Starting in spring 1995, production at BMW’s motorcycle plant in Berlin was expanded to two shifts and produced a daily output of 230 motorcycles. This was the first year in which BMW sold more than 50,000 units on the global market. In the light of its success the company had no doubts in allowing the old two-valve Boxer generation to retire a year later.

The last R 80 GS Basic was built on 19 December 1996. In the following summer, the 100,000th new Boxer, a R 850 R, was ridden on the road by a lady rider from Italy.

The four-cylinder takes on new challenges.

In summer 1996 BMW bid farewell to the three-cylinder models. This was despite sales of the K 75 variants amounting to 68,011 units in 11 years. Also in 1996 BMW launched a new four-cylinder model, the K 1200 RS with an engine that displaced 1,171cc and developed maximum output of 130 bhp.

BMW K-Series Naked

The most powerful BMW motorcycle was convincing, not only in power output, but also through its suspension and running gear. This gave the new sports tourer superior performance in most riding situations. The drive unit, which was suspended in a cast light-alloy, bridge frame, served to minimise vibrations while the front wheel employed the unique BMW Telelever for added stability.

The powerful four-cylinder machine was the first K mo–del to incorporate BMW’s innovative suspension technology – setting new standards for the sports tourer segment of the market.

Cruiser, athlete, luxury tourer

Until 1997 a large-capacity V2 power unit was regarded as the only choice for powering an authentic cruiser. But BMW tore up the blueprints and presents the motorcycle world with an entirely new and different interpretation that was based on the Boxer philosophy and proven on the highways of Arizona in the USA.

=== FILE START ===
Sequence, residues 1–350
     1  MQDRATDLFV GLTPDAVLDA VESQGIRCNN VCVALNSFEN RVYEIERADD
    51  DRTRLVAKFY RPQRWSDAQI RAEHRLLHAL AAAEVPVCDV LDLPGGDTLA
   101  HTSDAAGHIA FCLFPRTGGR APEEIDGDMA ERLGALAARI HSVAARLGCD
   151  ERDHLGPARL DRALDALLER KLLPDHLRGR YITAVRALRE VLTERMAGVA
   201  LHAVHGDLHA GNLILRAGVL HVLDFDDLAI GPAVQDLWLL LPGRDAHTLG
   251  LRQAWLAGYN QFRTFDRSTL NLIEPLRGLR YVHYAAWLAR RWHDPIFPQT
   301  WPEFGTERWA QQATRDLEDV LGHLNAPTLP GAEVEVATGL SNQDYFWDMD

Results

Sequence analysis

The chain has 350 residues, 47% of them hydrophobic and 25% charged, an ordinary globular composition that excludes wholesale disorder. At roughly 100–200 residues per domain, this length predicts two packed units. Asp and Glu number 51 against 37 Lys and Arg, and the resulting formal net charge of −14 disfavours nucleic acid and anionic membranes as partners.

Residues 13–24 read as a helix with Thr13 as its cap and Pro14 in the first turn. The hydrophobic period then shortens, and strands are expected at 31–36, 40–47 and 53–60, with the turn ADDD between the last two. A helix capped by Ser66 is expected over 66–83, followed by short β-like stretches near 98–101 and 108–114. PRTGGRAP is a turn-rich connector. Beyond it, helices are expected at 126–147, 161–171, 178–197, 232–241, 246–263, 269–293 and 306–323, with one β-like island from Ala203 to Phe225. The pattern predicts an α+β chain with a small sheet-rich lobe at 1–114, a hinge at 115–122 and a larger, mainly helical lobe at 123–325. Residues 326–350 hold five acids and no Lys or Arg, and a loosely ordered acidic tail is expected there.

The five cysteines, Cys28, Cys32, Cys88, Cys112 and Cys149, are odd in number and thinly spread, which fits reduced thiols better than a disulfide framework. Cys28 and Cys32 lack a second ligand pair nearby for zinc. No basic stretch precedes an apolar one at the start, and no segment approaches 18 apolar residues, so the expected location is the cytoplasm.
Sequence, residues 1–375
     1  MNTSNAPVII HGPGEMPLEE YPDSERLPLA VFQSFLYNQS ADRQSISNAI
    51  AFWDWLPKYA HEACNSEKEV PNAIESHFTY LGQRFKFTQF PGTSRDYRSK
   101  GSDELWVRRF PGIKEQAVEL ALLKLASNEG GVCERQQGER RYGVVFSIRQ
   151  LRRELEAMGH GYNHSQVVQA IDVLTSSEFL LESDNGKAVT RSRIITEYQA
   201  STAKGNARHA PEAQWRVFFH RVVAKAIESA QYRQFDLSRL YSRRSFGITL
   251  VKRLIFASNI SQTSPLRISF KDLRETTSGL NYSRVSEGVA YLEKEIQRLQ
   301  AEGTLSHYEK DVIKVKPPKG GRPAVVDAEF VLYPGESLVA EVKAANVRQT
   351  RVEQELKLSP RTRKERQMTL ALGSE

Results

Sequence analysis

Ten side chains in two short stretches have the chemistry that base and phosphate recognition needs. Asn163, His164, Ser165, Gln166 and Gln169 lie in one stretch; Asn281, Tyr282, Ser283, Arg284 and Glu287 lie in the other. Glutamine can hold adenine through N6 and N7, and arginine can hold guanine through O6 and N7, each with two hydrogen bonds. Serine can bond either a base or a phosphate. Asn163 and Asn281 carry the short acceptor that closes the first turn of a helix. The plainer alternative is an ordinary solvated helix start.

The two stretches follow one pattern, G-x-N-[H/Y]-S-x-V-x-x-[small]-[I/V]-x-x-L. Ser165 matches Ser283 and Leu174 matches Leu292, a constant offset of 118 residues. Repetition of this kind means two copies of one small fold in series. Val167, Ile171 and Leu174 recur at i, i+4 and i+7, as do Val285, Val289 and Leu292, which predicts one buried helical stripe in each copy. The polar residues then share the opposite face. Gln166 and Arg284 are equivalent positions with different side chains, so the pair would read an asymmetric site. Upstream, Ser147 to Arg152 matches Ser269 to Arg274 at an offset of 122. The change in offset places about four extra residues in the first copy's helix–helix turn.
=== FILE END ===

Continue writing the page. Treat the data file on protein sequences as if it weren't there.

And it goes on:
The R 1200 C combined the progressive technology of BMW motorcycles with Digital Motor Electronics, Telelever suspension, highly effective brakes featuring ABS as an option, as well as a new design language. BMW simply took the typical qualities shown by a cruiser when it was gliding along – su-preme engine torque and a relaxed seating position – and enhanced them.

The complete opposite happened with the R 1100 S in 1998. A sporting, crouched riding position with the footrests mounted not at the front but further back and higher, together with a high-performance, spontaneous power unit running on agile suspension re-presented exactly the opposite concept – precisely what the most dynamic Boxer R 1100 S had to offer. An increase in engine out-put to 98 bhp and, for the first time, a six-speed gearbox ensured superior performance on the road.

The powerful and sporting design with exhaust pipes fitted beneath the rear of the seat was typical BMW-style and it ap-pealed to the BMW customer in every way.

In September 1998 BMW launched the K 1200 LT at the Intermot Motorcycle Show in Munich. The new luxury tourer was conceived and built for optimum motorcycle safety and comfort – the same consideration also being given to passenger ergonomics. Driven by a four-cylinder engine built for supreme torque at low engine speeds, the K 1200 LT with its light-alloy frame and Telelever suspension was, by luxury cruiser standards, quick, agile and dynamic.

These were surprising characteristics because of the machine’s not-inconsiderable weight, a consequence of the number of features and diverse range of original equip-ment. On the contrary, the luxury tourer excelled because of its outstanding handing qualities.

The LT’s maximised protection from wind and adverse weather was ensured by bodywork opti-mis-ed in BMW’s wind tunnel. A reverse gear provided superior parking manoeuvrability and integrated luggage cases and a top-case afforded ample carrying capacity – all as standard. The music system, cruise control and heated seat are just some of the many options available.